Tuesday, 9 September 2014
Onegin is an enigmatic adaptation of Pushkin's novel that strips the story to its bare bones, removing the poetry and author's narrative presence, to focus solely on the ennui and detachment of the titular Russian aristocrat that ultimately and satisfactorily pervades the entire film.
Martha Fiennes debut sees her cast her brother in the lead role (she also assigns the score to her other sibling, Magnus) It's an astute move, as he can play this kind of wounded, bitter and cruel mouthed malcontent in his sleep. Liv Tyler was perhaps a surprising choice to play the object of his affection and obsession, the quiet country girl turned noblesse, Tatyana, yet it's a performance of slow burning and hidden depths delight. Here is a character who the phrase 'still waters runs deep' is very much apt, and Tyler's doe eyed, silently lovestruck, almost ethereal quality is strangely captivating before turning, almost imperceptibly, to a seeming aloofness that will ultimately make Onegin rue his past.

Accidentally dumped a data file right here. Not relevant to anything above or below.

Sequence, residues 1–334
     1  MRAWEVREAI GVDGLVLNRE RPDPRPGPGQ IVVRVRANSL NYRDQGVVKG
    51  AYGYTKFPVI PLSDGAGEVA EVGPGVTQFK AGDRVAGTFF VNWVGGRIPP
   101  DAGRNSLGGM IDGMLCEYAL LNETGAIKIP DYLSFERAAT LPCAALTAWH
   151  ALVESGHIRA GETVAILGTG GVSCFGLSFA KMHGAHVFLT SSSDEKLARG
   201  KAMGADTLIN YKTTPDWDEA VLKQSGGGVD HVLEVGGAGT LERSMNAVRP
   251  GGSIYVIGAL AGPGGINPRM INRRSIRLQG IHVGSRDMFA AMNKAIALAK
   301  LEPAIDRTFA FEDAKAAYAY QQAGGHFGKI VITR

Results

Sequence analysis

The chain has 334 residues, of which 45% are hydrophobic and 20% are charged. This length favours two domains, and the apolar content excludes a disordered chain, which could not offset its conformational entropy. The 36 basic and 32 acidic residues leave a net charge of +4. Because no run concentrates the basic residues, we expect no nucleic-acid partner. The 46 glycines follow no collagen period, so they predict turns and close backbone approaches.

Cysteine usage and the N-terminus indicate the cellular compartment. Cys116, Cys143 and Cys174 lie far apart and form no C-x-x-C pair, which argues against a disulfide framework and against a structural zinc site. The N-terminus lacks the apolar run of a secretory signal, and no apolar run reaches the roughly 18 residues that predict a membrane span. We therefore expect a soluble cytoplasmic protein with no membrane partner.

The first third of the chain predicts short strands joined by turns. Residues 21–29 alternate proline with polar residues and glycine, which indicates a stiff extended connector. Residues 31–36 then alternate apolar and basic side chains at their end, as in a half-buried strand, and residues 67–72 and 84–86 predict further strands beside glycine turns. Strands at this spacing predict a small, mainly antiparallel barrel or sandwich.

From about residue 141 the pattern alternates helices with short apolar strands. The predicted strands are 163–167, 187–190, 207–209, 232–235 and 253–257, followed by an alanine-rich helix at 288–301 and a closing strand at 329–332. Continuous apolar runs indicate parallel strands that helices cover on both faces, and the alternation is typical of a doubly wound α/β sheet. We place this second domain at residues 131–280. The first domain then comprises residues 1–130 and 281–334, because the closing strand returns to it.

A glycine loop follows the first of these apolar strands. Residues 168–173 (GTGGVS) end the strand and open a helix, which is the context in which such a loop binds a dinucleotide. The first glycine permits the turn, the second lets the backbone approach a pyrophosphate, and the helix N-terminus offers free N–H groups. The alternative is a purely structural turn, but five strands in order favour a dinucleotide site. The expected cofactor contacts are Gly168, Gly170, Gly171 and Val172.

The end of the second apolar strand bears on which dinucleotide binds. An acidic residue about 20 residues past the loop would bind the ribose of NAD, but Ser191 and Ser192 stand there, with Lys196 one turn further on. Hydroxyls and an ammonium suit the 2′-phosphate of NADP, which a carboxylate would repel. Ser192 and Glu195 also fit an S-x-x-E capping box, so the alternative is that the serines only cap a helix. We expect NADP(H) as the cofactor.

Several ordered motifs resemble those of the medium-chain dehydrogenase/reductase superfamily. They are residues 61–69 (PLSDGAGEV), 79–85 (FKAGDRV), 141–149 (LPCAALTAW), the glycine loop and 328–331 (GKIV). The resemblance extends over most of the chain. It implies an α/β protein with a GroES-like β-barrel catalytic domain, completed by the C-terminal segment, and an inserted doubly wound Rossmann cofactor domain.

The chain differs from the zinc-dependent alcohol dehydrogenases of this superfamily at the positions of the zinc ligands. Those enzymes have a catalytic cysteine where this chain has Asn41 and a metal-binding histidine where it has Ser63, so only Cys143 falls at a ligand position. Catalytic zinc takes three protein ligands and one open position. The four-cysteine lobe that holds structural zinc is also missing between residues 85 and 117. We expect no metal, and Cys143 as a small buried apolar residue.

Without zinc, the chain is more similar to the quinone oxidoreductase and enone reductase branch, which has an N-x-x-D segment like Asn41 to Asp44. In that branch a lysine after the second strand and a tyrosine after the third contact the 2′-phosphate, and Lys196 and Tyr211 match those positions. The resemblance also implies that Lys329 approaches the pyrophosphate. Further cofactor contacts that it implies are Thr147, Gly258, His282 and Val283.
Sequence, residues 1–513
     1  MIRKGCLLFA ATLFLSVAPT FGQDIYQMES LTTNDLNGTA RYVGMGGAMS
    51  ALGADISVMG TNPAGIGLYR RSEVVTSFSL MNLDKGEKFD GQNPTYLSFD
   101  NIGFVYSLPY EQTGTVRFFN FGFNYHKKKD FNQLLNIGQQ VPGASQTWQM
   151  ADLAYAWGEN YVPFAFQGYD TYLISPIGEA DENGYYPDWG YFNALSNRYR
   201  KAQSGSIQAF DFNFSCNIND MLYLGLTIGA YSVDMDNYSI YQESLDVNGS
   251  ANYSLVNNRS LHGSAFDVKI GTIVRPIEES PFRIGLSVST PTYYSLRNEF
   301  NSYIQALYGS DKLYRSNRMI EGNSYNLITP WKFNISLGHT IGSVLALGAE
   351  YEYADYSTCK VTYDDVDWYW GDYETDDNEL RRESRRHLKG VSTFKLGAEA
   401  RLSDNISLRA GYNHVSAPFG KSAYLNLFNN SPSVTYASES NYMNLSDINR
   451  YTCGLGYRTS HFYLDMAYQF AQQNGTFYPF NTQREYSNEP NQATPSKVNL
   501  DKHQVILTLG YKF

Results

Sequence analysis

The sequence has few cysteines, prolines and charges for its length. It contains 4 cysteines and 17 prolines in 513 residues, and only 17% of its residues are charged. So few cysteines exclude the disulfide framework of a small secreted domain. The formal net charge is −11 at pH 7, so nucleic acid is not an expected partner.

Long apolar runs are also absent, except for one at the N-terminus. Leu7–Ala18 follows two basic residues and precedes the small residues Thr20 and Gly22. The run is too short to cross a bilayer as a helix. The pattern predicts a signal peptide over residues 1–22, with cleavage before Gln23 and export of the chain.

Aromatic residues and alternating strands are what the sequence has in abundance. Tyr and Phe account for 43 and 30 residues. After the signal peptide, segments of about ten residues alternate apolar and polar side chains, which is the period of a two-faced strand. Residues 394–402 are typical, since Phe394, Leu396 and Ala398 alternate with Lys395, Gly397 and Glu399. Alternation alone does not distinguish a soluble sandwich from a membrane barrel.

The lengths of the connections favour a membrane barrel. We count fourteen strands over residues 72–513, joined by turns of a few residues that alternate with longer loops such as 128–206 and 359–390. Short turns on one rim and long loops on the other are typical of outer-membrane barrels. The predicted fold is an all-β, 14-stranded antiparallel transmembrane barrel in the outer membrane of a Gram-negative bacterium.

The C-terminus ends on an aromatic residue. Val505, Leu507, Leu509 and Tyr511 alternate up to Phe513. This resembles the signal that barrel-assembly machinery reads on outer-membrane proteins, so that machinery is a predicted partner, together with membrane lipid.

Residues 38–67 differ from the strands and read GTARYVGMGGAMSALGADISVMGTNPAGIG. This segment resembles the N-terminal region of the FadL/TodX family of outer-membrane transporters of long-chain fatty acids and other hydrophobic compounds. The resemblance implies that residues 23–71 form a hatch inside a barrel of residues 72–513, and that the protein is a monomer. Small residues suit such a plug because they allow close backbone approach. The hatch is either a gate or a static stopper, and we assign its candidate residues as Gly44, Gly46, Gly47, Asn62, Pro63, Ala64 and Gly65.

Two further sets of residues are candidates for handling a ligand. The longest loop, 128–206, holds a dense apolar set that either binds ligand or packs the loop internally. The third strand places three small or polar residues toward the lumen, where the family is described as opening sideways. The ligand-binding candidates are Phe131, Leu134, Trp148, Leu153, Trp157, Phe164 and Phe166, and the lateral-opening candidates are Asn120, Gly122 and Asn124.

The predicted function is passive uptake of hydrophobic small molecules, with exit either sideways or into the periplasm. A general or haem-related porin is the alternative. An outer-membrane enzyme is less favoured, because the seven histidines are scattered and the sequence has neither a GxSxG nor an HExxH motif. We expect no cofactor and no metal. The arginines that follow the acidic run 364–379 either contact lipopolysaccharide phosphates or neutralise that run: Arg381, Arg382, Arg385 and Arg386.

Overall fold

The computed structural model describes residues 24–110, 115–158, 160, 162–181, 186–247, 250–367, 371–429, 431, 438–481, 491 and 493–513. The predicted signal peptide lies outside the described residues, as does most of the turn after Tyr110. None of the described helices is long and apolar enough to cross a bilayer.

I've seen criticisms for Tyler and the supposed lack of believable chemistry between her and Fiennes but I think such comments are unfair. There is something slowly beguiling about Tyler's Tatyana's grave and unflinching, wide eyed presence that captivates Onegin (and perhaps the viewer) almost too late. The chemistry question should not really be moot, theirs is a love story that is not told in unison.
Onegin is very much a debut feature; Martha Fiennes shows a great grasp for period drama but its mannered sophistication keeps its heart buttoned up, leaving the drama somewhat muffled. It's perhaps in keeping with the listless air of Onegin but admittedly, on some occasions, it threatens to deaden the audience's interest in the film.
The morale of the story; stop being a twat when a hottie like Tyler confesses her love to you, as you won't get a second chance.